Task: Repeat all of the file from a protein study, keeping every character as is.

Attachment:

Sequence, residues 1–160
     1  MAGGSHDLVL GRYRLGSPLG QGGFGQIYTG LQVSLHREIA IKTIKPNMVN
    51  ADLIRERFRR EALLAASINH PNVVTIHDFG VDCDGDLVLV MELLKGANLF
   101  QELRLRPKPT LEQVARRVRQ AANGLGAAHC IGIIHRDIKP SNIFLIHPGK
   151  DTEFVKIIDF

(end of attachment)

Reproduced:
Sequence, residues 1–160
     1  MAGGSHDLVL GRYRLGSPLG QGGFGQIYTG LQVSLHREIA IKTIKPNMVN
    51  ADLIRERFRR EALLAASINH PNVVTIHDFG VDCDGDLVLV MELLKGANLF
   101  QELRLRPKPT LEQVARRVRQ AANGLGAAHC IGIIHRDIKP SNIFLIHPGK
   151  DTEFVKIIDF